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alcid chase trips, Yellow-billed Loon departure, inland waterbird groundings

alcid chase trips, Yellow-billed Loon departure, inland waterbird groundings
By {authorlink} – 12:37 pm

Inclement weather in spring (March-May) often “grounds” notable waterbirds on inland bodies of water. This morning, 20 March, at Sweetwater Reservoir there was a drake Surf Scoter, drake Red-breasted Merganser, Horned Grebe, Whimbrel, and a large concentration of 360 Double-crested Cormorants. As well as the expected good numbers of swallows and continuing Bald Eagle (but the nest there has failed). Also continuing Bald Eagle and plenty of swallows at Lower Otay Lake. Barabara Wise had a nice-sized “inland” flock of 43 Bonaparte’s Gulls at Lake Murray.
Currently, the “last” definite date for the wintering Yellow-billed Loon is 15 March. It has been missed several times since then. So either it has become less reliable, has shifted to a different part of Mission Bay, or has departed. But any future reports of this bird that extend the dates more than just a single day or two will require more documentation than just saying it is “continuing.”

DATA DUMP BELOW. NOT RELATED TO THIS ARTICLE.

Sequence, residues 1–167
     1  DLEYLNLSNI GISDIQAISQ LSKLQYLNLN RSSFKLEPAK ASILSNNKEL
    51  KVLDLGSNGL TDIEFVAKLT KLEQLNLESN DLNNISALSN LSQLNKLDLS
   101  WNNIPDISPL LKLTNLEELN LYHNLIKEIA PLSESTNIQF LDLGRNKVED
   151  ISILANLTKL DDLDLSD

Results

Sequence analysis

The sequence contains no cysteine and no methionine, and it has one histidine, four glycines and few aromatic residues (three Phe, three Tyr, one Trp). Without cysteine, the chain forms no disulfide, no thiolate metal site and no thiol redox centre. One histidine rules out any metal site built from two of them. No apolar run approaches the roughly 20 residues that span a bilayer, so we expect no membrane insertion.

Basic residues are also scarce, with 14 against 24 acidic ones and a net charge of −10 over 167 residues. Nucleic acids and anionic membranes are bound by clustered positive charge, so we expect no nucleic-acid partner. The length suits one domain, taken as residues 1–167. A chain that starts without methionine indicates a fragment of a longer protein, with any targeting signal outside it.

With the recent sightings offshore during the past month of both a Parakeet Auklet and a Tufted Puffin, a few folks have asked about the possibility of organizing rare alcid “chase trips.” That may be something that has a small but worthwhile chance of success with trying to re-find a rare albatross or a bunch of Cook’s Petrels, but it is another matter with a single alcid swimming around somewhere in the ocean. Finding such a bird even an hour later is unlikely. There is also the issue of needing a fairly flat ocean surface to effectively look for alcids. Having said that, during the past month there have been 2 or 3 Tufted Puffins not far offshore off Southern California, another Parakeet Auklet washed up dead in Marin County, and I just heard that there may have been a Horned Puffin off Santa Cruz over this past weekend. So, perhaps there is a “northern alcid” surge beginning, and which will hopefully continue well into the spring (in past years, puffin invasions often peak in May and even into early June). There are scheduled pelagic trips aboard “Legacy” out of Seaforth Sportfishing on 7 May and 3 June (see And there is always the availability of whalewatch trips, although you never know how far offshore they will go and of course it is doubtful they would be too interested in going out of their way to get closer to a possibly interesting distant alcid….but taking such a trip on a calm morning might be worthwhile.
–Paul Lehman, San Diego